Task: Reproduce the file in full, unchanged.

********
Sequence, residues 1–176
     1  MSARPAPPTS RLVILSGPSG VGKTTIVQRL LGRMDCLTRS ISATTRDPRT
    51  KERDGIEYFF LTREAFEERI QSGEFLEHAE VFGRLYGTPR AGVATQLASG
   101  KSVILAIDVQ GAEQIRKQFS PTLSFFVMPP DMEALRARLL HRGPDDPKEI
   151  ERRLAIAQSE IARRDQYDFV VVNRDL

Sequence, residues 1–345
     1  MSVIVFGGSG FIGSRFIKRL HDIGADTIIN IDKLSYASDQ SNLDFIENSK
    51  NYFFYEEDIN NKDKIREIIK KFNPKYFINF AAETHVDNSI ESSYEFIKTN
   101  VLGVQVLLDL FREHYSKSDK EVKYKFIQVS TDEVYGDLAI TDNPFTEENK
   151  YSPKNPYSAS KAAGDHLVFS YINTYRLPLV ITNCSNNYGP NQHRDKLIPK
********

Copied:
Sequence, residues 1–176
     1  MSARPAPPTS RLVILSGPSG VGKTTIVQRL LGRMDCLTRS ISATTRDPRT
    51  KERDGIEYFF LTREAFEERI QSGEFLEHAE VFGRLYGTPR AGVATQLASG
   101  KSVILAIDVQ GAEQIRKQFS PTLSFFVMPP DMEALRARLL HRGPDDPKEI
   151  ERRLAIAQSE IARRDQYDFV VVNRDL

Sequence, residues 1–345
     1  MSVIVFGGSG FIGSRFIKRL HDIGADTIIN IDKLSYASDQ SNLDFIENSK
    51  NYFFYEEDIN NKDKIREIIK KFNPKYFINF AAETHVDNSI ESSYEFIKTN
   101  VLGVQVLLDL FREHYSKSDK EVKYKFIQVS TDEVYGDLAI TDNPFTEENK
   151  YSPKNPYSAS KAAGDHLVFS YINTYRLPLV ITNCSNNYGP NQHRDKLIPK